Jarrett says D.C. 'unpleasant' town
A poster of the president is left behind during the Illinois delegation breakfast Wednesday at the Democratic National Convention. (Nancy Stone / September 5, 2012)
“I’m very hopeful folks will work this out and do the right thing for kids and the city. There’s still time to do that,” Duncan said. “I think everybody’s working really hard and I have a lot of confidence that good things will happen.”
But when asked to respond to the criticism of Mayor Rahm Emanuel leveled by the Chicago Teachers Union, Duncan gave his most candid answer: “I don’t know all the details.”
North Side Congressman Mike Quigley was the first delegation member to publicly remind other Illinois Democrats of the “hugfest” that occurred four years ago in Denver when Obama was first nominated for president. At the 2008 convention, Rep. Jesse Jackson Jr. staged a tearful hugfest with real and perceived political enemies, including hugs involving MayorRichard Daley and then-Gov. Rod Blagojevich.
Of course, Daley’s no longer mayor. Blagojevich is in federal prison. And Jackson is being treated for bipolar and gastrointestinal disorders.
“Four years ago, we had a lot of hugging. Remember the hugging? It’s not on the agenda, but I want to proclaim “Hugging Daley Day.” John and Bill Daley are here,” Quigley said. “It brought us all so much closer together, that indescribably warm feeling.”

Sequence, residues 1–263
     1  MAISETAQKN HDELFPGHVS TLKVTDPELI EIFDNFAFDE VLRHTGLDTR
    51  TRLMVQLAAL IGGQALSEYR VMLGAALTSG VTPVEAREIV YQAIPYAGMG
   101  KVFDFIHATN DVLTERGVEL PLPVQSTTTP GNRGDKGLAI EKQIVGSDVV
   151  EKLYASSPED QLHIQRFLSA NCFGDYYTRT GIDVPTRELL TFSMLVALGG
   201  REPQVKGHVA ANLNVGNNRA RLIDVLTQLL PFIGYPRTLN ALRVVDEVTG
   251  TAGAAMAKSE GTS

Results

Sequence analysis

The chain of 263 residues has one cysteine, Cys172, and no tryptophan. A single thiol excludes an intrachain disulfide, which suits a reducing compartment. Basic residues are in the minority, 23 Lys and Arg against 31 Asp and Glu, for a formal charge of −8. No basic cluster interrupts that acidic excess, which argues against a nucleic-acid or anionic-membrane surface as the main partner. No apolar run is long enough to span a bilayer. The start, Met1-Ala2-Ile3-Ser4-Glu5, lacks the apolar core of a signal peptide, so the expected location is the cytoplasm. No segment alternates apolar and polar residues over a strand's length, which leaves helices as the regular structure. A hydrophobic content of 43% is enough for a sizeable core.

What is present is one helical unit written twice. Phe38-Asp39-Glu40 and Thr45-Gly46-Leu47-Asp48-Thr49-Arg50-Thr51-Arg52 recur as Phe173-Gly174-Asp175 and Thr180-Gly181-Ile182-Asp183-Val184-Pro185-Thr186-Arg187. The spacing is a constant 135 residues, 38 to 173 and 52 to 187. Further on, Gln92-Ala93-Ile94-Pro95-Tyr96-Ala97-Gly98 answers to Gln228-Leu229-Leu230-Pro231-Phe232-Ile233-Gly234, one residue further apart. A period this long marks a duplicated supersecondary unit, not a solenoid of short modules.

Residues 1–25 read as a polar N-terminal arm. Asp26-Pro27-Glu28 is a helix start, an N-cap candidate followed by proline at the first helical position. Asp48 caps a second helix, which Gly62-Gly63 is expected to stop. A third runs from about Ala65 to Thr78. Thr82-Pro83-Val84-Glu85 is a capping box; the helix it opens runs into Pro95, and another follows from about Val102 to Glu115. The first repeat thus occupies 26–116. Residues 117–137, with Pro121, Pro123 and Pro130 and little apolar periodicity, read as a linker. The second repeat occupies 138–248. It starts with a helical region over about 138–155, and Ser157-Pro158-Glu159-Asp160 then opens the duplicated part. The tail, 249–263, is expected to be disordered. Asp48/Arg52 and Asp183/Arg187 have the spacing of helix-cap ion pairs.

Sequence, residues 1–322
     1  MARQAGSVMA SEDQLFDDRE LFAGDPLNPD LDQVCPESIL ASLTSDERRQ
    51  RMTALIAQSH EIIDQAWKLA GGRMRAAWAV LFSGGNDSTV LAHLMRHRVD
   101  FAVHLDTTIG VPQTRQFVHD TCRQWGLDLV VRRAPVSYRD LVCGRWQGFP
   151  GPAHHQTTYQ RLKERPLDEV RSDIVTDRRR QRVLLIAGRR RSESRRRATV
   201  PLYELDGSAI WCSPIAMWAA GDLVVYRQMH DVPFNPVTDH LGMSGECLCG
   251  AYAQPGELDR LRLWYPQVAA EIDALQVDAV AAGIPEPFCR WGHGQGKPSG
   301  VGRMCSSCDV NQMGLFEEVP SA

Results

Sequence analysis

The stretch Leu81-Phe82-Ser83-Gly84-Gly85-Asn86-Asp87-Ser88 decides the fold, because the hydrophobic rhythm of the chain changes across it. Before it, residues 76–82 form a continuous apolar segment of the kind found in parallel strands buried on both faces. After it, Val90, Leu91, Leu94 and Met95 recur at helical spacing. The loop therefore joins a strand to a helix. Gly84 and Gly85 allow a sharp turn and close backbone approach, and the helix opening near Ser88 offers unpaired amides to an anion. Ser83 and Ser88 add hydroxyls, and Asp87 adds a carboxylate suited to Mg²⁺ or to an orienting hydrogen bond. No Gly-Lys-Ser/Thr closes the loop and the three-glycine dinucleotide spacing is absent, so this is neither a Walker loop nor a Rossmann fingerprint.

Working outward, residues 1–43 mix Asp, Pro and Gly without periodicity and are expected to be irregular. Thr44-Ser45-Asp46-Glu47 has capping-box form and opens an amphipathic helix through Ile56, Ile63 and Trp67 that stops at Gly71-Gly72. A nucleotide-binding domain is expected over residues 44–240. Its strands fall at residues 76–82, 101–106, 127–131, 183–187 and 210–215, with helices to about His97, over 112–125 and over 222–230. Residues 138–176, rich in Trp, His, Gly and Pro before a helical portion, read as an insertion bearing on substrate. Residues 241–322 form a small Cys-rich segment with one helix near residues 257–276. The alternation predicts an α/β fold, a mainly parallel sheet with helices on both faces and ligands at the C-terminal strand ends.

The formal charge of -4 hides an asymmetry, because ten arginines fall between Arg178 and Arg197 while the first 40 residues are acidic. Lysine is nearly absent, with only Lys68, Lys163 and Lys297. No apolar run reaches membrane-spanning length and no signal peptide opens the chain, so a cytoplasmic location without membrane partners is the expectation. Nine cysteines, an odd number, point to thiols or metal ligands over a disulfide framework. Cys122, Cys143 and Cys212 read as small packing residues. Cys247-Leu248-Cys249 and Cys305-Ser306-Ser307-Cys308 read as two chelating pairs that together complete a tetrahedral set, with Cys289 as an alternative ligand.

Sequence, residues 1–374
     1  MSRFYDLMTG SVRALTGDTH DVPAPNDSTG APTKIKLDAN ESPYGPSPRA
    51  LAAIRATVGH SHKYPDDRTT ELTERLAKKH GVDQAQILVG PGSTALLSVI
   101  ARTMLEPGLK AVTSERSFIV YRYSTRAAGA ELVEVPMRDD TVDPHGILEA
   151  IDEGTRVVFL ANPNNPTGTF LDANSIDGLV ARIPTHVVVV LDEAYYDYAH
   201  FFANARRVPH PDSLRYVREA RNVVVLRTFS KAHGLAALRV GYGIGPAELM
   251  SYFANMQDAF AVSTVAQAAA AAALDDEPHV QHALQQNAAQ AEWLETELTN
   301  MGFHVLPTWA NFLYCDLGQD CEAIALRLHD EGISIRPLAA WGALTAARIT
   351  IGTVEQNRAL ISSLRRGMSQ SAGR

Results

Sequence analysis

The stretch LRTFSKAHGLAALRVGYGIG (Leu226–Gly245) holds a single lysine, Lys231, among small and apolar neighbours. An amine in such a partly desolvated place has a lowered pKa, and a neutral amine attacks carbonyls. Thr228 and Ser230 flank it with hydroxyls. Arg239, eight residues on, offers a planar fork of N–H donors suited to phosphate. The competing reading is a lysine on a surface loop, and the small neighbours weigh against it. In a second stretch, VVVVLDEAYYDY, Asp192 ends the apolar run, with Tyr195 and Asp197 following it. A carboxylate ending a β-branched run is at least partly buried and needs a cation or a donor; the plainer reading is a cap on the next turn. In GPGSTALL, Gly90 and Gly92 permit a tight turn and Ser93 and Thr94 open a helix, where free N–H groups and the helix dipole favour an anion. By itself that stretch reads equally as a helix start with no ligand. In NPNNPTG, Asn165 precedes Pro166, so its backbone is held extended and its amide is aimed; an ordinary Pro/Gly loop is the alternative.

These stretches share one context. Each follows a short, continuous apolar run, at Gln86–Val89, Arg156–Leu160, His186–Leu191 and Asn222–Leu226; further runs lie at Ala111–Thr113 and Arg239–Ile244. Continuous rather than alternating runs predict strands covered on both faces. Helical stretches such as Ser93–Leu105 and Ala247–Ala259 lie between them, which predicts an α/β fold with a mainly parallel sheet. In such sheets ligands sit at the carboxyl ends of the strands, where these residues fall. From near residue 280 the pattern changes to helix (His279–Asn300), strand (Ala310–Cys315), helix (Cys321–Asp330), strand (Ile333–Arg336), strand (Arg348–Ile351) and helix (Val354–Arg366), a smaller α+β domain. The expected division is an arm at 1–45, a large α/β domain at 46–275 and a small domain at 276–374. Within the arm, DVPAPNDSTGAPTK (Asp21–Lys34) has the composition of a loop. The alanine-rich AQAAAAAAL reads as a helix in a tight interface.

On a more serious note, Quigley said John Daley, chairman of the Cook County Board’s finance committee, deserved recognition for helping to pass progressive changes in county ethics and equality laws. Quigley, a former county commissioner, said “none of that would have passed without John Daley.”
Valerie Jarrett, Obama’s senior adviser, and Tina Tchen, the chief of staff to First Lady Michelle Obama, each made a visit to the Illinois convention delegation and offered a little insight into the re-election campaign, as well as life in Washington.
Tchen urged Chicago Democrats to travel to neighboring swing states, such as Wisconsin and Iowa, to campaign for Obama and tell people there, “I know him.”
Tchen said Obama supporters in Illinois ask “where’s the ads, where’s the message” to convince voters. “If you live in Virginia, or Ohio or Wisconsin, you’re sick of the ads. So the action’s there,” she acknowledged.
For her part, Jarrett said she was happy to visit some Illinoisans after living in the nation’s capital.
“Washington is every bit as unpleasant a town as everyone thought it would be. And you know, we’re from Chicago. We’re pretty tough, right?” Jarrett said. “Well let me tell you, it’s a whole different thing in D.C.”
Elizabeth Shuler, secretary of the national AFL-CIO, met with Illinois’ Democratic delegate contingent and urged the rank-and-file to work the vote for President Barack Obama and not get distracted by famous names associated with the campaigns of either Obama or Mitt Romney.
“It’s not about Clint Eastwood,” Shuler said of the Romney backing actor and director whomade a controversial appearance with an empty chair at last week’s Republican National Convention.
“It’s not about George Clooney. Well, maybe it is a little bit about George Clooney,” she acknowledged of the Obama backing actor and fundraiser. “But it is all about you.”